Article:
Most MSP business owners desire growth. They want to bring in more MSP new business. They want new sources of referrals. They want to have a bigger impact and reach more people with their expertise.
The challenge that we often see, however, is that MSP business leaders want growth but without the growing pains. They are hesitant to leave their shell, and as industry forces become increasingly fluid, change-aversion is incredibly widespread. The shell of what you have always done feels safe, and it feels even safer when the world outside looks turbulent and uncertain.
Change breeds angst and anxiety in even the most experienced business owners, and those feelings can cripple your ability to make positive steps in your growth plans. Prospects won’t visit your shell. They are often too busy hiding in their own shells and won’t poke their heads out for a meeting unless you go to them and knock.
The picture I’m painting sounds like an exaggeration, but it is an all-too-real metaphor for how business is conducted. We want huge returns in our marketing but also do not want to leave the safety and comfort of how we have always done things to get it.
You need to manage your own anxiety around change, and you need to help your partners and employees to do the same.
Here are the top three things you, and anyone you work with, needs to know:
- If you turtle, you lose.
- Leaving the turtle position is always going to be hard, so make a practical plan to lead the way.
- Embrace failure. Some failure is inevitable, and you need to push through it to get anywhere worthwhile.
These are not new ideas. In fact, many of them were covered in Managing at the Speed of Change, a classic ’90s-era leadership book that was released shortly before the Y2K panic spread. The non-event of Y2K was a demonstration of what can happen if businesses aggressively pursue solutions to problems. A supposedly insurmountable paradigm shift of having to rewrite nearly every piece of software created up until that point turned into just another New Year’s celebration. The fireworks went off, the lights stayed on, and all the world’s missiles stayed in their silos.
The anxiety and fear surrounding the event forced leaders to act. The consequences of not acting were simply too great to ignore.
But isn’t that the same story in your business?
The greatest businesses in the world rise because of innovation. As soon as they become complacent, they begin to wither. Somewhere along the way, the entrepreneurial spirit gives way to upholding the status quo. It feels less risky, but really the decision to turtle is a decision to opt-out of all of the growth opportunities in your industry.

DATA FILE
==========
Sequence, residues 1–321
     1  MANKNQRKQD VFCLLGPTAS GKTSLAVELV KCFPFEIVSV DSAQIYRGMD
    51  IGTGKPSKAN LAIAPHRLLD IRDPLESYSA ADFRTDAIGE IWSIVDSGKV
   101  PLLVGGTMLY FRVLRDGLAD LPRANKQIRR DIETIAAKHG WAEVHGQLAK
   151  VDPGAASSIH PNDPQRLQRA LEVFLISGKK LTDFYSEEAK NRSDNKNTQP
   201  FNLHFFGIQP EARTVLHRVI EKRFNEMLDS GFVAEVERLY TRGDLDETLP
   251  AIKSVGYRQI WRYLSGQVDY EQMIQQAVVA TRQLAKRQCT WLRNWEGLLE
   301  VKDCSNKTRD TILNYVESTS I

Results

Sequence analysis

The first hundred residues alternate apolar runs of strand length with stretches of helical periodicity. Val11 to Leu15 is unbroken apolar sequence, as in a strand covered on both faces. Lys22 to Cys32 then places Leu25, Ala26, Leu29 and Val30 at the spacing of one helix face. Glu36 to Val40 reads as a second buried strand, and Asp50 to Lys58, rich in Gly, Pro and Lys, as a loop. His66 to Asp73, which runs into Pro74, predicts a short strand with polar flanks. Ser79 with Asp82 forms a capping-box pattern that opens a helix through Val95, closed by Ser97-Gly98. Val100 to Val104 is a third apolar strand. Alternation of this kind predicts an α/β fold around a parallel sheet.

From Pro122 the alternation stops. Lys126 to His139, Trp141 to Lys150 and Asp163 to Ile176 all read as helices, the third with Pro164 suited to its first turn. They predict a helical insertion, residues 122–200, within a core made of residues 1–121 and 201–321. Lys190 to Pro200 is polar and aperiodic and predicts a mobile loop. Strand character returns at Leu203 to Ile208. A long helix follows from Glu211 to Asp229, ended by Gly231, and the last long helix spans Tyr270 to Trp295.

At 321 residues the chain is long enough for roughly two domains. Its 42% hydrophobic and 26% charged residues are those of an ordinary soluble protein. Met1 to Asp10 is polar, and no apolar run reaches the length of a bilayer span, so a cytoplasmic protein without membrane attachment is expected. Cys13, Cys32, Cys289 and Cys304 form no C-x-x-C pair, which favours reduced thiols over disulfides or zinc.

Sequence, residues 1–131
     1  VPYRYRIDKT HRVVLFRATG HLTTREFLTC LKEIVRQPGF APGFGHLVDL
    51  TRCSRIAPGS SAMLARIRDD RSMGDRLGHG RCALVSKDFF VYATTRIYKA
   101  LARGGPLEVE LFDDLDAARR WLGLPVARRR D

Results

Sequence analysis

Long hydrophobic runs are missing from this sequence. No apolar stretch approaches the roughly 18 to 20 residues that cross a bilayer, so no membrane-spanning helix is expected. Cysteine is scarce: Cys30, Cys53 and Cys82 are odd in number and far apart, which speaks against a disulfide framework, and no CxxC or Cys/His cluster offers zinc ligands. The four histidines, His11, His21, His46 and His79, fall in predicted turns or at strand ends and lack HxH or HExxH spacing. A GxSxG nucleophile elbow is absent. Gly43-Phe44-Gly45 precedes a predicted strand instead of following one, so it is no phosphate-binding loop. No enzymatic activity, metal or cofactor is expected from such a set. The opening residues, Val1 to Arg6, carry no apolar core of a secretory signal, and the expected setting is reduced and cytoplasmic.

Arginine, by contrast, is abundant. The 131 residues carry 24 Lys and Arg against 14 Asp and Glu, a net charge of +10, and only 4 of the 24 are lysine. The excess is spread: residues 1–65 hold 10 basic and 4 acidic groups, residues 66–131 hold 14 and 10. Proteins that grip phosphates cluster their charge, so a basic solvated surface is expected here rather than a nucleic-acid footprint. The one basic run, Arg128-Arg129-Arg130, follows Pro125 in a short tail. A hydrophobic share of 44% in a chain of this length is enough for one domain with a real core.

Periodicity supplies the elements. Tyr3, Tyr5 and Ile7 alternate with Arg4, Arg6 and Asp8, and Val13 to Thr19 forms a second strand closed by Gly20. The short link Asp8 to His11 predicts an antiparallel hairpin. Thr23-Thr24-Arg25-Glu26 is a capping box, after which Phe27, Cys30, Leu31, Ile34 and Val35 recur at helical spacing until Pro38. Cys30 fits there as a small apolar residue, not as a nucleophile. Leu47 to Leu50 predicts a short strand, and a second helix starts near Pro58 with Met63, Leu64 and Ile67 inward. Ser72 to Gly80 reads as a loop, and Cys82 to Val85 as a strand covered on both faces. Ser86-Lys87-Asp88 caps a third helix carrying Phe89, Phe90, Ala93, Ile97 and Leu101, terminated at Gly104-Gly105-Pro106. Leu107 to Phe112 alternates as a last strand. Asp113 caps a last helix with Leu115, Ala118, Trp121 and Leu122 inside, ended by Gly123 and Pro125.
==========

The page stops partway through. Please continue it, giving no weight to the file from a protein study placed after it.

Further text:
How to break out of your shell
Here is how you can break free of the anxiety that drives you into your shell:
- Build a leadership team of various roles and perspectives. If you create a dynamic where each leader is given equal opportunities to share their ideas, you can share the responsibility of forcing the business into action. If more than one person is involved in making decisions, you can unofficially take turns carrying the business forward and dragging everyone else along. To do this, carefully hire and nurture a team that can candidly share their perspectives.
- Make multiple small bets rather one big bet. As you look for new opportunities to grow, test out a range of new ideas with smaller, less expensive experiments. This approach can protect the stability of the business while still giving you the freedom to explore new ideas. Once a small bet begins to show promise, commit. You can bet the minimum forever and probably tread water, but to get the big return, you eventually have to push more chips on to the table.
- Understand that failure is a learning process. If an experiment fails, learn from it, and move on to the next experiment. If you follow our advice of not betting the business on a single idea, a misfire shouldn’t sting too badly. The more important part of this is that you’re identifying the ideas that do work so that you can start investing more heavily in those avenues. Word of warning: Remember that resistance is different from failure, so don’t give up on an experiment just because it’s challenging.
- Schedule a cadence of experiments. If you and your team can agree to try one new thing a quarter, the long-term return can be substantial. We often see business owners pay lip service to stepping outside their comfort zones but then put off doing anything new. Before they realize it, a year has gone by. Instead, start experimenting, decide who on the team is in charge of what, and agree on how you will measure the results and who will be accountable.
Change is a powerful force, and if you lean into the hardship where your competitors shy away, you will gain ground and grow your business.
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